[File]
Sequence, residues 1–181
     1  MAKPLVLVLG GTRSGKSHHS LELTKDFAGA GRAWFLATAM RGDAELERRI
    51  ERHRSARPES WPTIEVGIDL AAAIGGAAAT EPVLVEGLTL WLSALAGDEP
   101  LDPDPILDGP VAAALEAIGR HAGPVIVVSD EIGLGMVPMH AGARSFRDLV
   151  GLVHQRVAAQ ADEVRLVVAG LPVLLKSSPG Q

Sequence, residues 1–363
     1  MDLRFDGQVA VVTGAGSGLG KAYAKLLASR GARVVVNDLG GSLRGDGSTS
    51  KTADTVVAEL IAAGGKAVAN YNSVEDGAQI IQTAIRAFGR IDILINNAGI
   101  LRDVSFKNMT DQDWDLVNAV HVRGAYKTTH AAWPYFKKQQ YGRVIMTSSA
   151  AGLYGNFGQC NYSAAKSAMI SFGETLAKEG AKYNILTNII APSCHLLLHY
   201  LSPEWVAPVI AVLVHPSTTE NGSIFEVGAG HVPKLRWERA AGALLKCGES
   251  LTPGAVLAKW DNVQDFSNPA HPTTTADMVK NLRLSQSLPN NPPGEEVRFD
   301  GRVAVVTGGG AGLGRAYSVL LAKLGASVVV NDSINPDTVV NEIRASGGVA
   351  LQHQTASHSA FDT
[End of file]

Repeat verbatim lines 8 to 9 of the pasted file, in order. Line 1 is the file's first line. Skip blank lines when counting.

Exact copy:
    51  KTADTVVAEL IAAGGKAVAN YNSVEDGAQI IQTAIRAFGR IDILINNAGI
   101  LRDVSFKNMT DQDWDLVNAV HVRGAYKTTH AAWPYFKKQQ YGRVIMTSSA